Q&A with: Impact IoT Solutions
The Data Sharing Coalition is an open and growing, international initiative in which a large variety of organisations collaborate on unlocking the value of cross-sectoral data sharing. In our recurring blog section ‘Q&A with’, you learn more about our participants and their thoughts, vision and ideas about data sharing. In this Q&A, Pieter Hoenderken, Managing Director of Impact IoT Solutions, shares their thoughts.
1. Could you introduce your organisation?
Our organisation consist of three companies. Impact IoT Solutions focuses on R&D and is a participant of the Data Sharing Coalition. Impact Smart Products is the sales organisation and Impact Data Platform delivers data services to the other two. Impact IoT Solutions is an innovative and ambitious Dutch R&D company, active within a wide range of sectors, such as – but not limited to – agriculture, logistics, and construction. We support organisations by offering custom-tailored Internet of Things optimisation of processes and activities. We also offer advice about how to optimise business processes. We perform a company scan, which in turn exposes the activities that can profit from smart IoT optimisation. Digitising processes applies to the entire chain, from machine/sensor to connectivity, and processing data.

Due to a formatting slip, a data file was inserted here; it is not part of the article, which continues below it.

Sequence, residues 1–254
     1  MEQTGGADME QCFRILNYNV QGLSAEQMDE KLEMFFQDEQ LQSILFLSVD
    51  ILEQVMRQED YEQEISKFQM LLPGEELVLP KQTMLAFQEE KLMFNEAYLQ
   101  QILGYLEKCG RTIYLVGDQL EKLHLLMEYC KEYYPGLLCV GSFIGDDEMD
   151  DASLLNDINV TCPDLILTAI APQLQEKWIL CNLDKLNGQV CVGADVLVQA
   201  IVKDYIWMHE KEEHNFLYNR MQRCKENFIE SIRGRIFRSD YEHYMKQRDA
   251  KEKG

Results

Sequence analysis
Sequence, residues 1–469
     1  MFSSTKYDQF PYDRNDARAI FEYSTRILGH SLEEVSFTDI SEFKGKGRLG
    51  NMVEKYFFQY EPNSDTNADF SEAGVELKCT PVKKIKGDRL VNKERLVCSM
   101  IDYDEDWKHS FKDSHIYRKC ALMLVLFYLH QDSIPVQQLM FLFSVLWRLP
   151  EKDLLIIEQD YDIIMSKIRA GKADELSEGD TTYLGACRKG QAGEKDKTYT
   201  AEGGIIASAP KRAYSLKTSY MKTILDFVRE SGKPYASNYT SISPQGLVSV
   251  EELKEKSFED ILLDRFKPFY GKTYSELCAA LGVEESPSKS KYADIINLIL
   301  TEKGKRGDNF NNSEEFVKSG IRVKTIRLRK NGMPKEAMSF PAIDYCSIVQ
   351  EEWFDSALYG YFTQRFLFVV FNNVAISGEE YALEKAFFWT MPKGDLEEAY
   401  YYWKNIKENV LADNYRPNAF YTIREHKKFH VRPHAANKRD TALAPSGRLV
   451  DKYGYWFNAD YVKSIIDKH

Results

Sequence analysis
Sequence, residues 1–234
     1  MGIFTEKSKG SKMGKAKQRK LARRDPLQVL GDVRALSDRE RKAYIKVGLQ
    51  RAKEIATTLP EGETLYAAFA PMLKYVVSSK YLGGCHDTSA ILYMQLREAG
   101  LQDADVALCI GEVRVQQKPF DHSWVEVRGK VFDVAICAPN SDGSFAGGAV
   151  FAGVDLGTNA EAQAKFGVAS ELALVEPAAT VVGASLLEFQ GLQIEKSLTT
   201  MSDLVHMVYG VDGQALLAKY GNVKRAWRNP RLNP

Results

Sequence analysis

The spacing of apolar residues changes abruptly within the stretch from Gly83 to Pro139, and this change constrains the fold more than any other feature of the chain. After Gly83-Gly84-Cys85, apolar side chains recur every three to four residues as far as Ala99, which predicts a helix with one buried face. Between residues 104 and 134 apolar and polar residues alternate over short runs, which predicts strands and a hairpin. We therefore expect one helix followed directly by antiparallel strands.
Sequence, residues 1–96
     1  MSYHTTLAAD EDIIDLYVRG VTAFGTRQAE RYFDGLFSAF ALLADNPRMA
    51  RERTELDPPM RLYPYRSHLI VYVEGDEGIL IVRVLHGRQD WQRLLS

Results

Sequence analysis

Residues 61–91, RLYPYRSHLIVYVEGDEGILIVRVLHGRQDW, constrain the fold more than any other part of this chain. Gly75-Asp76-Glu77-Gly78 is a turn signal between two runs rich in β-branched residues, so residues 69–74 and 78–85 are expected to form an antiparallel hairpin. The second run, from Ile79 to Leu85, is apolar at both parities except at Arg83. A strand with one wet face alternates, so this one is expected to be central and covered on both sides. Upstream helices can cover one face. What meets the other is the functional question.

2. To what extent is your organisation involved in data sharing (within and across sectors)?
We create solutions for various branches, agriculture, logistics, and energy amongst others. In all these branches, we share data among and between various companies. Take for example the recent transition to using hydrogen in houses. It is essential to share data and knowledge about the use of hydrogen to gain more knowledge about the use of hydrogen, so we share usage and sensor data with owners of the infrastructure, a university, and partners. Each party involved looks at the data from its own perspective: the network operator looks at usage, the installer at the pipelines, and the implementation department looks at safety. By combining this data and sharing knowledge, we can help with this transition.
For the logistics domain, we are working on a solution that provides data about the state of short-lived, perishable vegetables and fruits during the whole transportation journey, from farmer to retailer. Various stakeholders are involved in the transportation of fruit, for example the supplier who wants to deliver a good product and the retailer who wants to see what happens with the purchased product. Currently, the quality of fruit and vegetables during transportation is not being monitored. The transportation phase is a ‘black box’. If stakeholders gain insight into the journey of fruit and vegetables, action can be taken during the transportation phase when needed to reduce food waste.
In the agriculture sector, together with the Data Sharing Coalition, we are working on a use case to predict the health of cows. Data that provides insight in the health of cows is shared with farmers, veterinarians, and feed producers. If we can predict which cow is at risk of getting sick, the farmer or veterinarian can prevent the cow from being sick. We don’t share data, but we make use of all available data sources that provide insight into the health of the cow.